The Hot Zone
China's newly announced air defense identification zone over the East China Sea aims to shore up national security
Current Issue
· Table of Contents
· Editor's Desk
· Previous Issues
· Subscribe to Mag
Subscribe Now >>
Expert's View
Market Watch
North American Report
Government Documents
Expat's Eye
Photo Gallery
Reader's Service
Learning with
'Beijing Review'
E-mail us
RSS Feeds
PDF Edition
Reader's Letters
Make Beijing Review your homepage
Hot Links

cheap eyeglasses
Market Avenue

A Timeless Topic
Special> Youth Literature Enchantment> A Timeless Topic
UPDATED: June 23, 2009 Web Exclusive
Characteristics of the Youth Literature Market
Chinese youth literature works have sparked a hot trend. More and more youth literature writers have emerged and become popular. Books, mooks, magazines and blogs churn out new stories constantly

Although youth literature is still relatively new, it has already gone far in terms of commercial publishing. Generally speaking, there are three main traits in today's youth literature market.

Popular writers lead the market

Best-selling books are one of the most vital tactics of commercial publishing; a well-known author guarantees a hit book. Profit-driven publishers always favor popular writers with a large fan base.

Take the situation in 2007, for example. Guo Jingming's books and magazines accounted for 15 percent of total price and more than 20 percent of total sales.

Mook have become popular

A "mook," short for "magazine book," is a publication in the format of a magazine but sold as a book originated in Japan.

In 2004, Guo's Island workshop published China's first mook, Island. The new format, colorful pictures and beautiful language made Island a hit with teenagers. Then in 2006, Guo launched Top Novel, which has since become the best-selling mook in China. Both Island and Top Novel signal the golden age of mooks in the youth literature field.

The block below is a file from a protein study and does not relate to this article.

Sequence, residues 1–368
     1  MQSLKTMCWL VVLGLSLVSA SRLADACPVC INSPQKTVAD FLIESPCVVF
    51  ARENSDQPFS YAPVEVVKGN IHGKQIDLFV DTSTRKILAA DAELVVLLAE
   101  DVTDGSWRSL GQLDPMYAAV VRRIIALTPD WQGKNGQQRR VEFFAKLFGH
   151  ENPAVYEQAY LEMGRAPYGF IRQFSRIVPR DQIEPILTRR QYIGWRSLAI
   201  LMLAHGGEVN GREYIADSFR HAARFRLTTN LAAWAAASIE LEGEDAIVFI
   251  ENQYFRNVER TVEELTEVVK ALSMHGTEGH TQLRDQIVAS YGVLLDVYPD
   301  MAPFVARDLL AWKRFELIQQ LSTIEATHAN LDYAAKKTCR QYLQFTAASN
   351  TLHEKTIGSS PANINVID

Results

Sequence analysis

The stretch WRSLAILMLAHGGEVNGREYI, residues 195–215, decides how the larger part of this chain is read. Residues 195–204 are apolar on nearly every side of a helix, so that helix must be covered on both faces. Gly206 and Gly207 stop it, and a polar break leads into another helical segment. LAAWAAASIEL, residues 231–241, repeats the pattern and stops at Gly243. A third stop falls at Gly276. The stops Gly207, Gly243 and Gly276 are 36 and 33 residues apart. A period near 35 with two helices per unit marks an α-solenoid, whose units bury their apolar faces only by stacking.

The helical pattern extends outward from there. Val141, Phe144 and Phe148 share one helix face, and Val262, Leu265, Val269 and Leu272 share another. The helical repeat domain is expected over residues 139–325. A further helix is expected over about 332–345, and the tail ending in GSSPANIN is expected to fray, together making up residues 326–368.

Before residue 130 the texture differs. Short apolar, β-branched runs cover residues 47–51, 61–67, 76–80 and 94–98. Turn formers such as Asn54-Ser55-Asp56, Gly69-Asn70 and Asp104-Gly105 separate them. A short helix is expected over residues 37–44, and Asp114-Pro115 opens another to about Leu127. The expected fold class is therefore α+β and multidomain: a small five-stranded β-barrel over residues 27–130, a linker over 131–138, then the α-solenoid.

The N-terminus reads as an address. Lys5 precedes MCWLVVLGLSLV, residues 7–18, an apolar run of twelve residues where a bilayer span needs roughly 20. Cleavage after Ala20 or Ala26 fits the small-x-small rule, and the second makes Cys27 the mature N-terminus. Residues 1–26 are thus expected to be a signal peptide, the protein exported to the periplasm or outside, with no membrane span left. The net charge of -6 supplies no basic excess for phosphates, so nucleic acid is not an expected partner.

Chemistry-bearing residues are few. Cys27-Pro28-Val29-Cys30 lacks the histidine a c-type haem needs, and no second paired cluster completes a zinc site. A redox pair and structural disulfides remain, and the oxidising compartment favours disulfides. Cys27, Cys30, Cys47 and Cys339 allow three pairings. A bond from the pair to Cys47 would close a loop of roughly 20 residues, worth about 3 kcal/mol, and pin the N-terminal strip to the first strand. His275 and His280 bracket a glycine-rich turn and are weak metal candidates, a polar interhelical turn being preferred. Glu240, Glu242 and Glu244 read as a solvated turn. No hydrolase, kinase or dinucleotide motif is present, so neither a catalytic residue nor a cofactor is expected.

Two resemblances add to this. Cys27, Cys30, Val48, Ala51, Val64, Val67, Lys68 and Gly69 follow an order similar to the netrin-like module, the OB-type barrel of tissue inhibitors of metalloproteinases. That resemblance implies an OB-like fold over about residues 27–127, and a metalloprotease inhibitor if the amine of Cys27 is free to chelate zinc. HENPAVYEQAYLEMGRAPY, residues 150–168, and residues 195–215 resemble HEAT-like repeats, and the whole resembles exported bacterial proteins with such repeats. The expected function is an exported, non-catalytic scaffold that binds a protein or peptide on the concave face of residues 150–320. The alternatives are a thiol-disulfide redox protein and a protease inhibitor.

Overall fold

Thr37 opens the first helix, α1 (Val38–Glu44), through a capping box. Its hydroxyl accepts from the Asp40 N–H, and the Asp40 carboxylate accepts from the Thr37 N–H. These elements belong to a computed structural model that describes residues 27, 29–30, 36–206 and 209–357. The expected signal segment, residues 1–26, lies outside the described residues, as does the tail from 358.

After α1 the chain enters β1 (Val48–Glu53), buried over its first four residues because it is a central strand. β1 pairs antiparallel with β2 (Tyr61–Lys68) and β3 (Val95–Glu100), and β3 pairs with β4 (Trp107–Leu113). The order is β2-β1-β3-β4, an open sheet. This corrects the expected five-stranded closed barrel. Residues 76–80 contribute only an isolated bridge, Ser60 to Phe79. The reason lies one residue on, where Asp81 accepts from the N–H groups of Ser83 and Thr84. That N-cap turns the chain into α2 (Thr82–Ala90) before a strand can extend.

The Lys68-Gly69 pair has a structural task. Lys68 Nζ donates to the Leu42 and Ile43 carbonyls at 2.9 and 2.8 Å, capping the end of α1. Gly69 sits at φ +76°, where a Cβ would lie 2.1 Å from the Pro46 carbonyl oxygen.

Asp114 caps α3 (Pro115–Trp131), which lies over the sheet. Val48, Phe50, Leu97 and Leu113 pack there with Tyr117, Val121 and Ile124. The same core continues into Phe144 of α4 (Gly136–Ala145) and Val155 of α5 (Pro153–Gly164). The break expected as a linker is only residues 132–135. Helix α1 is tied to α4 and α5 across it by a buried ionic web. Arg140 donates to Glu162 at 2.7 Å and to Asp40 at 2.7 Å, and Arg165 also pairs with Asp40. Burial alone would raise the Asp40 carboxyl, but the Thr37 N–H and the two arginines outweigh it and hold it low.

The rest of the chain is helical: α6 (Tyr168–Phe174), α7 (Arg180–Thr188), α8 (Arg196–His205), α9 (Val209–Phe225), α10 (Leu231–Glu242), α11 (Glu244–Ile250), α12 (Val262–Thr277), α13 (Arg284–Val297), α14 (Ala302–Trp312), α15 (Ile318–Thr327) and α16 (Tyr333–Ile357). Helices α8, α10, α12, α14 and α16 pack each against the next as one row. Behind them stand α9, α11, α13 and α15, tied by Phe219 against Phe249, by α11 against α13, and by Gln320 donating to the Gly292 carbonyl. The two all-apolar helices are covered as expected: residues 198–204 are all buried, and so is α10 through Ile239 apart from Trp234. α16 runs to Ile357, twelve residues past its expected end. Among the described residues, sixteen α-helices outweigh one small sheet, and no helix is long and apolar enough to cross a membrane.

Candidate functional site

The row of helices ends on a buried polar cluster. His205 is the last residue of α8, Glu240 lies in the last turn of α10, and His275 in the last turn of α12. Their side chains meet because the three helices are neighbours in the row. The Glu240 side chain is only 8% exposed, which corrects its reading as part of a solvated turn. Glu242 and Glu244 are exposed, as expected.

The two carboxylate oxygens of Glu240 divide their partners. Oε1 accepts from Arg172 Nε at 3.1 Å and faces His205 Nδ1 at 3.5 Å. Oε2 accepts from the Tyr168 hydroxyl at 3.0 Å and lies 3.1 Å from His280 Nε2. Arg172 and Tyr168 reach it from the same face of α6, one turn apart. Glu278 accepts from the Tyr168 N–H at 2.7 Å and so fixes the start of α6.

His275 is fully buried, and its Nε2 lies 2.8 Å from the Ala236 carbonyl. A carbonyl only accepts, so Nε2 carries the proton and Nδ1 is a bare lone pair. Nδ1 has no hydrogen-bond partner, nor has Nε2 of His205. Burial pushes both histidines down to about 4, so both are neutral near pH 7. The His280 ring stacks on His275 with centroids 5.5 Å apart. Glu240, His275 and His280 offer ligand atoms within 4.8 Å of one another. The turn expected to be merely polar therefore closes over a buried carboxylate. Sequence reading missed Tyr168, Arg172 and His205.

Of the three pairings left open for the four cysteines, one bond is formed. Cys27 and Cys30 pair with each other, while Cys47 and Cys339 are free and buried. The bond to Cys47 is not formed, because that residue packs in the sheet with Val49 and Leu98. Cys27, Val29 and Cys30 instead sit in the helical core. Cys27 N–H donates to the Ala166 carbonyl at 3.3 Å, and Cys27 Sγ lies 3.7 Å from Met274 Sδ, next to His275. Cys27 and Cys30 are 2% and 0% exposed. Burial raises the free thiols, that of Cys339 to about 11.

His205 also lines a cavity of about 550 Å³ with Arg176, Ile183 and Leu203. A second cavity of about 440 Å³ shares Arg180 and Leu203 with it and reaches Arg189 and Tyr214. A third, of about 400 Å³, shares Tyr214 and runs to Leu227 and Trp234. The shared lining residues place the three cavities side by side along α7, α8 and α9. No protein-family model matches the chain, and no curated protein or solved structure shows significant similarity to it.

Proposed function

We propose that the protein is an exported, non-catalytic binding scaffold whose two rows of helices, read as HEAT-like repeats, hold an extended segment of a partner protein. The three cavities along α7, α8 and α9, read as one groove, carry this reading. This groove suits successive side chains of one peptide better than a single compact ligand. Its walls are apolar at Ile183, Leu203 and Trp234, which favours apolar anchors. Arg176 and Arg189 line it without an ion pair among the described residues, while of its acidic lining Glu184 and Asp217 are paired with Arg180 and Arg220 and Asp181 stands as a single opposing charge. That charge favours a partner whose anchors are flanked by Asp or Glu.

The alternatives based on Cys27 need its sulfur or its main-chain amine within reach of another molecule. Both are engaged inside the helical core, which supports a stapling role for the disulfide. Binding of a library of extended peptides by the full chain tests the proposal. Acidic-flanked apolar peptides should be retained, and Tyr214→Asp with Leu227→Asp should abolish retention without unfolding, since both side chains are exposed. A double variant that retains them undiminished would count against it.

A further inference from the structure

We can actually learn something from the success of mooks in youth literature.

First and foremost, the periodical form of mooks allows them to stay fresh and interesting, while also featuring regular columns that cultivate a loyal readership.

Second, almost all youth literature mooks are edited by popular writers, like Top Novel by Guo Jingming, GirlneYa by Guo Ni and M-Girl by Rao Xueman (Sharon Row). As we pointed out above, famous youth literature writers today are not only writers, but also teen idols. In order to keep in close contact with these literary celebrities, young people try to follow their mooks.

In addition, more and more hit novels prefer to firstly serialize on mook, which easily attracts readers and build mook brand. For example, Cry Me a Sad River, the best-selling book in 2007, was first published in the first issue Top Novel in 2006, fueling the mook's rapid rise.

Local works dominate the market

In 2003, when youth literature was in its early stages, the total price of foreign youth literature books was only 1.25 percent of the whole. Though the situation changed a little in 2005, reaching 23.99 percent with the popularity of The Handsome Boy from South Korea, foreign works are still a minority now.

In contrast, Chinese youth literature works have sparked a hot trend. More and more youth literature writers have emerged and become popular. Books, mooks, magazines and blogs churn out new stories constantly. Popular writers like Guo Jingming and Han Han sell over a million copies each time they publish a new work, totally dominating the publishing market of youth literature.

(Translated by LIU FANGFEI)

Top Story
-Protecting Ocean Rights
-Partners in Defense
-Fighting HIV+'s Stigma
-HIV: Privacy VS. Protection
-Setting the Tone
Most Popular
About BEIJINGREVIEW | About beijingreview.com | Rss Feeds | Contact us | Advertising | Subscribe & Service | Make Beijing Review your homepage
Copyright Beijing Review All right reserved